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Dilapidations – Save the Fees of a Valuer! (And Pay Too Much)

Here’s a top tip which illustrates that for business and leisure tenants subject to dilapidations claims, ensuring the settlement sum is minimised requires both the building surveyor and the valuation surveyor. That avoiding the expense of the valuation surveyor’s input is a false economy.

The building surveyor’s expertise is in negotiating whether claimed breaches of lease covenants to repair, redecorate and reinstate alterations are accurate and then the methods/costs to remedy. It is the specialist valuer’s distinct expertise in performing the so-called Section 18, or Diminution Valuation (DV), to know the open market for the property in question and to, therefore, best judge what a prospective purchaser of it would most likely do to optimise its value going forwards.

If only the building surveyor is involved, that open market knowledge is missing. Whilst the most skilled building surveyor will negotiate down to the lowest total cost to remedy all the breaches, this will likely include many significant sums that the specialist valuer could have removed. This especially hinges on what the valuer knows and can articulate to be the difference between the so-called “standard” of repair required legally (judicially) and the standard required in the open market.

  • The judicial standard of repair: The tenant is obliged to return the property in good (not “as new”) condition, including the M&E in satisfactory working order, but not with new equipment or any particular life expectancy. The required condition at law is that which fits with the age, character and locality of the property in question. “Good” repair does not require “perfect” repair or updating/modernising.
  • The open market standard: Commonly, even if a property was handed back in perfect compliance with the lease covenants, it would be out-of-date in terms of look, fittings and M&E. So that even if key elements are “in repair” to the judicial standard – or could be put into that state of repair – that “standard” would not be good enough to optimise value in the open market.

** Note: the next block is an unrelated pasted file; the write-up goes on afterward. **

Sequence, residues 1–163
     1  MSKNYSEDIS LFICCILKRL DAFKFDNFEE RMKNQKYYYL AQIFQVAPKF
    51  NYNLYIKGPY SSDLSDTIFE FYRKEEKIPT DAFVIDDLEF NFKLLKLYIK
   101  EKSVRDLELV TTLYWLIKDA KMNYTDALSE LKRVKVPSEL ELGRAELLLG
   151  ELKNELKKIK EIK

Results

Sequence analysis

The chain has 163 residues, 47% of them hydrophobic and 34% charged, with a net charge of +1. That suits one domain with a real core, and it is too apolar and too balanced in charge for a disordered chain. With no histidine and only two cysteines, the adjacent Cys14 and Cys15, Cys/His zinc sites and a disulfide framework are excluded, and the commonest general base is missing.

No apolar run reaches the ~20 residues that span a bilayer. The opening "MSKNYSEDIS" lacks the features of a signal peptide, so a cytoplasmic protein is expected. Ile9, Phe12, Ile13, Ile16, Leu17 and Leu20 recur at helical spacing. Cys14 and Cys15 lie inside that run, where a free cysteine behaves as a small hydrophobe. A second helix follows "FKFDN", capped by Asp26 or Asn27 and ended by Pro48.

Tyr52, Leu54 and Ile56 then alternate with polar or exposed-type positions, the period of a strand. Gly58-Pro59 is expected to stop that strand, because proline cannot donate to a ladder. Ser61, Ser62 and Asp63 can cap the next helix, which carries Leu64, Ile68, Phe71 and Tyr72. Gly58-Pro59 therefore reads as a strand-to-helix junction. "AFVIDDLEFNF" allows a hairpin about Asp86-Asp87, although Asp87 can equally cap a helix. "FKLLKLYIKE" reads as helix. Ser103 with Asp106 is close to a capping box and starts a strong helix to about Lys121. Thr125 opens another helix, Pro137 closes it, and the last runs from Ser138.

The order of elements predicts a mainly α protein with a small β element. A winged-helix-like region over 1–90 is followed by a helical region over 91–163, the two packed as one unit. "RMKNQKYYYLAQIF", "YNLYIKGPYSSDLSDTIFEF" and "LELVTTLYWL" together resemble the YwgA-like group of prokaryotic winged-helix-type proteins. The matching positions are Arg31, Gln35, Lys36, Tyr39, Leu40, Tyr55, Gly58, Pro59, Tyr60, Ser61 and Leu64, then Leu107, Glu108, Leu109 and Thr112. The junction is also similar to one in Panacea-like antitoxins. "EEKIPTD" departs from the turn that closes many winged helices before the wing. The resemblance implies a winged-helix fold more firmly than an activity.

This gap between the judicial standard and the open market standard is often missed altogether or misunderstood. If items – especially key and expensive – are likely to be replaced with new (superseded) in order to update and future-proof, the position at law (per Sunlife Europe Properties Ltd -v- Tiger Aspect Holdings Ltd [2014] 1 EGLR 30) is that the tenant is effectively off the hook. There is no liability to pay a “contribution” equivalent to the repair cost if it is probable that the hypothetical purchaser of the property at the lease end would have replaced with new, even if “in repair” to the standard required judicially.

This commonly applies to very big-ticket items such as suspended ceilings through offices, M&E (HVAC), double-glazed windows and dock levellers, to name but a few examples.

Too often, landlords secure excessive dilapidations settlements because their outgoing tenants instruct the required building surveyor but save the fee of their equally valuable teammate, the valuation surveyor.

If you have any questions in relation to the above or require advice in relation to a dilapidations claim, please contact


About the author


Paul heads up a wide network of both Building and Valuation surveyors based across the UK and Ireland. He has more than 25 years of experience as a Chartered Surveyor and 20 years as a Chartered Arbitrator. 


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